- Hans-Gustaf Ljunggren, former KI Dean of Research resigned from this post and Nobel Committee in February 2016. Ljunggren decreedin August 2015 together with the then-Rector Anders Hamsten that Macchiarini did not commit any misconduct, and trashed the results of the Bengt Gerdin investigation.
- Katarina Le Blanc, immunology professor and Macchiarini co-author, who is apparently herself under investigation on suspicion of misconduct and data manipulation.
- Anders Hamsten and Harriet Wallberg-Henriksson were asked to resign by the new Secretary of the Nobel Assembly, Thomas Perlmann, after the KI report was published. Both ex-Rectors played a crucial role in the Macchiarini recruitment and the cover-up of his patient abuse and misconduct.
Two more members of the Committee were possibly asked to step down, but this information is not confirmed. Bo Risberg, emeritus professor of surgery at the University of Gothenburg and longstanding Macchiarini critic (see his earlier guest post for my website), proposed “a moratorium for two years to the Nobel prize” and for the award money to be donated to Macchiarini’s victims and their families.
The corrupt Ethics Council of KI was dissolved by the new Rector Karin Dahlman-Wright, other heads rolled as well. Two investigations, one by KI and one by Karolinska University Hospital revealed a culture of cover-up and disregard for basic research integrity and medical ethics. Meanwhile, the entire KI University Board was dismissed by a governmental decision.
What drove so many scientists and doctors to support Macchiarini and his outrageous visions? It seems, the driving force was, just as elsewhere in science, greed. Greed for research funding and the fame and power it brings. And Macchiarini attracted many millions of Kronen, Euros, Dollars and even Roubels, and he kept promising even more. It seems the lust for money and fame made everyone at Karolinska switch off their brains. As the result, innocent people have died.
The research misconduct scandal around the former star plant scientist, CNRS research director and currently ETH Zürich professor Oliver Voinnet is not over, and finally also some of his close collaborators and possible “partners in crime” start to feel the heat. One of Voinnet’s former co-authors is now being investigated by the French research society CNRS and the Swiss university ETH Zürich, according to the available information. It is likely to be Guillaume Moissiard.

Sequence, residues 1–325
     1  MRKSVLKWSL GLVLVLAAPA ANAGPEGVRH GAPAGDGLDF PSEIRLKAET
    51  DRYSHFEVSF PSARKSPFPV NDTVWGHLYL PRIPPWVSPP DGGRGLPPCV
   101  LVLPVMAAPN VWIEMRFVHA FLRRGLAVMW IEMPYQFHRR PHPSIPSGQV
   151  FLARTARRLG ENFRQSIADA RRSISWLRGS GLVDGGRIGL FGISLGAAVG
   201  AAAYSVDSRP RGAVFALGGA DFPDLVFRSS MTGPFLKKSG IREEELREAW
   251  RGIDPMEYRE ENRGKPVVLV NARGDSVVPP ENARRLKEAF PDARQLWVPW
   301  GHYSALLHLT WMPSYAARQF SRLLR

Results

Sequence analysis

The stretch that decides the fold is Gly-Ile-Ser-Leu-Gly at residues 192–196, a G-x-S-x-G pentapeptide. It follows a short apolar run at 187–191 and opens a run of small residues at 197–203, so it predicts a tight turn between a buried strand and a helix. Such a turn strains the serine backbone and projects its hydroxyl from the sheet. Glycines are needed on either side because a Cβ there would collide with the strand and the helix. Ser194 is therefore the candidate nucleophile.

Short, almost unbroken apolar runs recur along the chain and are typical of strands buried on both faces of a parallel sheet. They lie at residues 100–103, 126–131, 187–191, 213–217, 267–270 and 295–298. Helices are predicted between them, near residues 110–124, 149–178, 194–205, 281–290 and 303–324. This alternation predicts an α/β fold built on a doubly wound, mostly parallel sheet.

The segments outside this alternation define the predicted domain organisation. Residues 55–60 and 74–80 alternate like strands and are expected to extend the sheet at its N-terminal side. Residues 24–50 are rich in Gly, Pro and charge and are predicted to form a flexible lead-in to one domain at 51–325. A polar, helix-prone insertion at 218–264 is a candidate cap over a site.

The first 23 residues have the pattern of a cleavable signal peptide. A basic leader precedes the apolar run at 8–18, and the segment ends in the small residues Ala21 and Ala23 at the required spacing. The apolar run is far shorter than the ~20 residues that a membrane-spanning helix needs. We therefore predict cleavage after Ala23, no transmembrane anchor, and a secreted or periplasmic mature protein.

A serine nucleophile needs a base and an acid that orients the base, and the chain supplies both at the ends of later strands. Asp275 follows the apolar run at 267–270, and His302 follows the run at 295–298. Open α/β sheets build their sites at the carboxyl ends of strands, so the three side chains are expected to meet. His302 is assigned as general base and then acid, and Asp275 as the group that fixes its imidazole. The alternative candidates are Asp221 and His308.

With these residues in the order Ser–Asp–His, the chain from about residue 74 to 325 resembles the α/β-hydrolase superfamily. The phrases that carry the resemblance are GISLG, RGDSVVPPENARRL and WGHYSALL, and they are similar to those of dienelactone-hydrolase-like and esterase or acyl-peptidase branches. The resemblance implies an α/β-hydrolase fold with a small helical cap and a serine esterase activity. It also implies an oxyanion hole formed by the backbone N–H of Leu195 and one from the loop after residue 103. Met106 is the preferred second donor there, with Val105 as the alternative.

A reader notified me about this September 8th 2016 news release on the site AlphaGalileo:
“Scientific misconduct: CNRS and ETH Zurich are setting up a commission of inquiry
Over the past few weeks, serious doubt has emerged regarding the figures featuring in several Molecular Biology publications. The CNRS and ETH Zurich have decided to set up a scientific commission of inquiry, with CNRS in the lead and contribution from ETH Zurich, which will be composed of experts. Their role will be to establish the facts.
In this context, institutions have a duty to act in strict compliance with ethical standards, which do not allow any public statement to be issued prior to completion of the process in order to ensure that an in-depth analysis is carried out, in which all parties can freely express their views. In the same logic and to guarantee that the inquiry is conducted serenely, the name of the experts forming part of the commission cannot be disclosed at this stage.
When the process is completed, the two institutions will decide if disciplinary measures have to be taken. The results and the consequences of the inquiry will then be made public”.